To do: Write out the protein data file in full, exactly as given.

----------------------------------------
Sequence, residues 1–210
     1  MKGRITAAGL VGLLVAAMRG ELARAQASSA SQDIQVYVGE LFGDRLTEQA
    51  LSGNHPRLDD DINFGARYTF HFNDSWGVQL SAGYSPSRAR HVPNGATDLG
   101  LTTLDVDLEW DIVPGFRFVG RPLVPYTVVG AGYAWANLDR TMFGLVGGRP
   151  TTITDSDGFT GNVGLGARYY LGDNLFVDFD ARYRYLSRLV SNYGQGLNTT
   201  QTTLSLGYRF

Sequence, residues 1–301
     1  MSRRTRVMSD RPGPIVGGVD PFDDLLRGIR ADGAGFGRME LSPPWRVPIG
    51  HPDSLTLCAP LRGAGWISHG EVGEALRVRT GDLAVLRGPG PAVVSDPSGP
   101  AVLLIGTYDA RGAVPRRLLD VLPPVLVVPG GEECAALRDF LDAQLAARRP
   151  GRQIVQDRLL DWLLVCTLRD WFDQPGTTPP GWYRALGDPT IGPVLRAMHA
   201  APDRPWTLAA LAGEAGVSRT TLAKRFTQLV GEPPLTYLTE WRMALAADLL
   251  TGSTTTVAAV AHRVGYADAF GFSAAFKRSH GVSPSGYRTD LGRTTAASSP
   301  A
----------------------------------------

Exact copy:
Sequence, residues 1–210
     1  MKGRITAAGL VGLLVAAMRG ELARAQASSA SQDIQVYVGE LFGDRLTEQA
    51  LSGNHPRLDD DINFGARYTF HFNDSWGVQL SAGYSPSRAR HVPNGATDLG
   101  LTTLDVDLEW DIVPGFRFVG RPLVPYTVVG AGYAWANLDR TMFGLVGGRP
   151  TTITDSDGFT GNVGLGARYY LGDNLFVDFD ARYRYLSRLV SNYGQGLNTT
   201  QTTLSLGYRF

Sequence, residues 1–301
     1  MSRRTRVMSD RPGPIVGGVD PFDDLLRGIR ADGAGFGRME LSPPWRVPIG
    51  HPDSLTLCAP LRGAGWISHG EVGEALRVRT GDLAVLRGPG PAVVSDPSGP
   101  AVLLIGTYDA RGAVPRRLLD VLPPVLVVPG GEECAALRDF LDAQLAARRP
   151  GRQIVQDRLL DWLLVCTLRD WFDQPGTTPP GWYRALGDPT IGPVLRAMHA
   201  APDRPWTLAA LAGEAGVSRT TLAKRFTQLV GEPPLTYLTE WRMALAADLL
   251  TGSTTTVAAV AHRVGYADAF GFSAAFKRSH GVSPSGYRTD LGRTTAASSP
   301  A